Jimmy Saville, Rochdale, Operation Pallial. These names and many more have become familiar to all of us who read the papers, but for the survivors of abuse which took place in children’s care homes, hearing these names can bring back horrific, painful memories which cannot be erased.
The perpetrators leave these children for dead; if not physically, then emotionally. Victims become shells of the people they could have been; forever scared of making intimate connections with other human beings.
Children are our most vulnerable members of society and those who enter care homes need even greater protection, given that approximately 60% are placed in care because of abuse and/or neglect occurring in their home.
So why are children in care homes so prone to abuse? How do paedophiles and groomers manage to access these children, and what is being done to prosecute the guilty and compensate the victims?
Child Abuse – An Age Old Problem
Children suffering abuse in care homes is unfortunately nothing new. In 1975 two small boys were playing near a disused sewage tank in Tuam, County Galway. They broke open a concrete slab which appeared to be covering something and discovered a tomb full of tiny skeletons underneath. A local priest said prayers on the site and it was recovered and forgotten, until 2012, when following an investigation, the bodies of nearly 800 little souls who died between 1925 and 1961 were discovered, apparently (as it is yet to be proved) buried in the sewage tank. They had come from a mother and baby home run by Bon Secours nuns. Reports from as far back as the 1940s state that the children residing in the care home suffered from malnutrition and that it was horribly overcrowded.
A judicial investigation into the deaths of the children, aged between two days and nine years old is continuing to this day.
Many compensation claims for care home abuse date back a number of years because it can take decades for victims to gather the courage to come forward and demand accountability from their abusers.
Operation Pallial, the official name of an ongoing investigation into historic abuse claims in North Wales between 1953 and 1995, is believed to be investigating 28 children’s care homes in the area and hundreds of allegations of physical, sexual and emotional abuse.
The reasons why children in care are vulnerable to abuse are complex; therefore it is impossible to provide a definitive answer. However, factors such as:
- emotional vulnerability and low self-esteem due to previous abuse;
- little or no interest in the children’s lives from a trusted, caring adult; and
- behaviour and learning difficulties
all provide abusers and sexual predators with fertile grounds to exploit their victims.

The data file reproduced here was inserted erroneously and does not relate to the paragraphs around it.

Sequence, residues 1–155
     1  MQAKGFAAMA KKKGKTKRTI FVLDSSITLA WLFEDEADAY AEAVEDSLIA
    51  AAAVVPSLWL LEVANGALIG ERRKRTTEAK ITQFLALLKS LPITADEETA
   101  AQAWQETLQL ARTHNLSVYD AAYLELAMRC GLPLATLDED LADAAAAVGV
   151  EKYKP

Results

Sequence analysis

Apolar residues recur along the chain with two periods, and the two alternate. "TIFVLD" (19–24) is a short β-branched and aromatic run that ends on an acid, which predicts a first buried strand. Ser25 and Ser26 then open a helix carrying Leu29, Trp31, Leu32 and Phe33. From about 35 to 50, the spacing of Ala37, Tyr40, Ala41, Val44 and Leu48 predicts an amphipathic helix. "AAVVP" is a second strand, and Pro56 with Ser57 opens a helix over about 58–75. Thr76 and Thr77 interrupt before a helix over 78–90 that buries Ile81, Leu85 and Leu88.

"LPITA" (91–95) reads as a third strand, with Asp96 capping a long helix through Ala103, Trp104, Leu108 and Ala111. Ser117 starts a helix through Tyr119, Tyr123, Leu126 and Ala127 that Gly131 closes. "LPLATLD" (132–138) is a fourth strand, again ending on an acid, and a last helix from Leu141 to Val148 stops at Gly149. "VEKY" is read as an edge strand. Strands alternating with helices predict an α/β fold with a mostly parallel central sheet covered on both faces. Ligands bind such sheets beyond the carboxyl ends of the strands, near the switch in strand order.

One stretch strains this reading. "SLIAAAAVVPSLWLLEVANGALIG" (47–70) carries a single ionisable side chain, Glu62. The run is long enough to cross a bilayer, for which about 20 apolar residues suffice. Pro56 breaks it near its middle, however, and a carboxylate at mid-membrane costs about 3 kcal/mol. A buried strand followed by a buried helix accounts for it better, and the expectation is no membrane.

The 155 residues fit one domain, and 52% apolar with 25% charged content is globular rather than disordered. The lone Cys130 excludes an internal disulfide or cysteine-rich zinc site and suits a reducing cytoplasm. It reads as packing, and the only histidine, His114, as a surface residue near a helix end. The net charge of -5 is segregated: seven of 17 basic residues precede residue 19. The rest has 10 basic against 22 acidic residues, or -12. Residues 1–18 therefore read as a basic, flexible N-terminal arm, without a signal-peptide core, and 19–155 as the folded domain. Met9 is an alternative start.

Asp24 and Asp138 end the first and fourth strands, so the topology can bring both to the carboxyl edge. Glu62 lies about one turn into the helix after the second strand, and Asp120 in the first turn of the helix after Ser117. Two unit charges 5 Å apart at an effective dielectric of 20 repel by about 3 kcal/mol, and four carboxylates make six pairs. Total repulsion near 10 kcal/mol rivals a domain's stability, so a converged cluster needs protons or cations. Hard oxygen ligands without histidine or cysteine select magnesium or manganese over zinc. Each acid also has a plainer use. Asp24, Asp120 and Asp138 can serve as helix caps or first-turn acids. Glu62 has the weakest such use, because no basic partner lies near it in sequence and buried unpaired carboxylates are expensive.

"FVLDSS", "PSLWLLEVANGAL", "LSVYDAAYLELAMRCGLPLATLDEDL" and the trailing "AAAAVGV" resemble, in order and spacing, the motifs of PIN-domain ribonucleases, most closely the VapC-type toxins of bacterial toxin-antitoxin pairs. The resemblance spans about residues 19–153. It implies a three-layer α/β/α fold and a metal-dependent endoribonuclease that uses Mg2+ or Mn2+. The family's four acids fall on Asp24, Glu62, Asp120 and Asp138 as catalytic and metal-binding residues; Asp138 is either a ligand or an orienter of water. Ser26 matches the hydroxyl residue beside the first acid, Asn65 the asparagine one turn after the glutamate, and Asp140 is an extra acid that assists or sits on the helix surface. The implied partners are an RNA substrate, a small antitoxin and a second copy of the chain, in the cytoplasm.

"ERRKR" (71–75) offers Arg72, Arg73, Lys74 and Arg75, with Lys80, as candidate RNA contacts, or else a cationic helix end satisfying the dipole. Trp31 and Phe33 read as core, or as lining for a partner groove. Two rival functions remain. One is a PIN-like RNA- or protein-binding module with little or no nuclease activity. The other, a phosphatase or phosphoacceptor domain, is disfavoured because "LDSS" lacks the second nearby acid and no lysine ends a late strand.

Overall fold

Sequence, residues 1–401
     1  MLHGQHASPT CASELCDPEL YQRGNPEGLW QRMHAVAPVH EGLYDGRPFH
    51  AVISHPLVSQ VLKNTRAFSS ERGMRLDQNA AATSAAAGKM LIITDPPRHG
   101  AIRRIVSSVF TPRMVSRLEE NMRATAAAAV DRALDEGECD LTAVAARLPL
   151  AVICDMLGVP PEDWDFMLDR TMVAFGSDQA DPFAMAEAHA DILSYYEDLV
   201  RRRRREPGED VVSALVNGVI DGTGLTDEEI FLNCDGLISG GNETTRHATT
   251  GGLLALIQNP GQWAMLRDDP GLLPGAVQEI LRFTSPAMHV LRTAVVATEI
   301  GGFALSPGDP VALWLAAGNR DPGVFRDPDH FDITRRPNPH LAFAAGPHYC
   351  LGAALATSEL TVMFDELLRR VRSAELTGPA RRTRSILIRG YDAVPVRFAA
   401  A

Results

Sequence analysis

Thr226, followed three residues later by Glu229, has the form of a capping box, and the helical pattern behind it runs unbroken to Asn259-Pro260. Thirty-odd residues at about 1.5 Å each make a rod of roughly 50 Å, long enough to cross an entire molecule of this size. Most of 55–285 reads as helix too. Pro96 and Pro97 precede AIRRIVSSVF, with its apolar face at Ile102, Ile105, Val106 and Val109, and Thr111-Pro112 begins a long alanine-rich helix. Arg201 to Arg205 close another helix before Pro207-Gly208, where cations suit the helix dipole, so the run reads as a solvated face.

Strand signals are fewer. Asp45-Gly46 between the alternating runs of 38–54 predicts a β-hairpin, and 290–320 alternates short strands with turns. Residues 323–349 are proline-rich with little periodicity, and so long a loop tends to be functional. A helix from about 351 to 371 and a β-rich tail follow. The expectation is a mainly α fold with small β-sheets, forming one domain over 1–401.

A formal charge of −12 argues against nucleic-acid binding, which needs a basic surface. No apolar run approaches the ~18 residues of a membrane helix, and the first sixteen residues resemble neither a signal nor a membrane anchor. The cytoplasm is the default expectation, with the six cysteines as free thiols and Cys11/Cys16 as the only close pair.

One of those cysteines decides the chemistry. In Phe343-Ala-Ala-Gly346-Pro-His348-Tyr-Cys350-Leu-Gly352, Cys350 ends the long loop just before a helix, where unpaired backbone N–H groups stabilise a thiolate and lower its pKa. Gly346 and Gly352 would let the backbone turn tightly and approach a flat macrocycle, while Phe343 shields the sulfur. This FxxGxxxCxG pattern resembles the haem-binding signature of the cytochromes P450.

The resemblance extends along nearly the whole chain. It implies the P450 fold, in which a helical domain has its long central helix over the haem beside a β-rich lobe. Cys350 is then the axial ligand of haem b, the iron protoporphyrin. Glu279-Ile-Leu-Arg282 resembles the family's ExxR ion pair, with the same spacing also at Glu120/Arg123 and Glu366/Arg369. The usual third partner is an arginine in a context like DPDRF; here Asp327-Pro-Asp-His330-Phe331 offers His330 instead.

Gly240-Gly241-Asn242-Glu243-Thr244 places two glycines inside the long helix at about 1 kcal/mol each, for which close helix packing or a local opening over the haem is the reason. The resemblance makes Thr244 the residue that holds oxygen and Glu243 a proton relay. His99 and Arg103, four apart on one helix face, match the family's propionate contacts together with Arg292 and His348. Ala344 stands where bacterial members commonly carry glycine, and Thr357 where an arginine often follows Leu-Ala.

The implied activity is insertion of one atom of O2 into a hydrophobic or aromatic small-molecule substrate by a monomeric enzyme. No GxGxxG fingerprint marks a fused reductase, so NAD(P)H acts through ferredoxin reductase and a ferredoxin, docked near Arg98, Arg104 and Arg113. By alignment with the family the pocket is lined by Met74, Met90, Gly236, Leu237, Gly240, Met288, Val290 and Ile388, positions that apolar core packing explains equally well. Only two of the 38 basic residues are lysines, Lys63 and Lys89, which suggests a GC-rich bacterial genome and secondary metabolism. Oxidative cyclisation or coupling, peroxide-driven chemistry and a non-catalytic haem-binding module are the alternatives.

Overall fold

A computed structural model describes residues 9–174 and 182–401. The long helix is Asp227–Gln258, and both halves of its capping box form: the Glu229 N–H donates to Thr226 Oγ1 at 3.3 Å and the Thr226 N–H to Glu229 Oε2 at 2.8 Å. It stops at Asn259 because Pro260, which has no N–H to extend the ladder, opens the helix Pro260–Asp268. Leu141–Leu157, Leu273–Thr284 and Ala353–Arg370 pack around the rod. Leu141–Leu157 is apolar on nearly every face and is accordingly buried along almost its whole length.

Easy Access to Children in Care
Jimmy Saville knew exactly how to manipulate his way into children’s care homes and hospitals. For over five decades he charmed senior staff while systematically sexually abusing vulnerable children in lifts, in hospital corridors and on off-site visits. At Broadmoor, a high-security mental health hospital, he was given keys to supposedly secure wards within weeks of his first visit.
Following the Rotherham sexual abuse scandal, where a group of men groomed young women in care and then sexually abused them, calls have been made for the local authority responsible for the Woodview Children's Home to be investigated after an Ofsted report found the girls were not kept safe and were put at risk of sexual exploitation.
Although these high-profile examples capture the media’s attention, in most cases abusers access children in care by simply by gaining employment within the care homes themselves. Unlike today, in the past people who chose to work with children were not subject to vigorous DBS checks and children’s voices and concerns were not so readily listened to. This created an ideal environment for sexual predators to have unlimited access to vulnerable children.
Moving forward – victims voices finally being heard
In February 2015, New Zealand High Court Judge, Lowell Goddard was named as the head of a new inquiry into historical child sex abuse in England and Wales.
The statutory inquiry has been given considerable powers; for example, Justice Goddard will have the ability to compel witnesses to attend and give both oral and documentary evidence.
More victims are coming forward to demand compensation for the abuse they suffered in children’s care homes. In 2014, it was revealed that 26 former residents of a Nottingham based children’s care home were awarded a total of £250,000 in compensation from Nottingham City Council for abuse suffered as far back as the 1960s.
Monetary compensation can never replace a stolen childhood; however, it can provide victims with a sense of justice and power, so long denied to them. It can also help fund counselling and other abuse survivor programmes to help those affected begin to rebuild their shattered lives.
If you have been a victim of child abuse in either a church or local authority run children’s care home our personal injury team, led by Malcolm Underhill, has the expertise and knowledge to advise and represent you. We have successfully recovered compensation for many clients in similar situations and understand the sensitivity and empathy required in such cases.
To talk about how we might be able to help, please phone us on 0333 123 9099, email us at firstname.lastname@example.org or fill in our contact form. Any discussions you have with us will be in the strictest of confidence.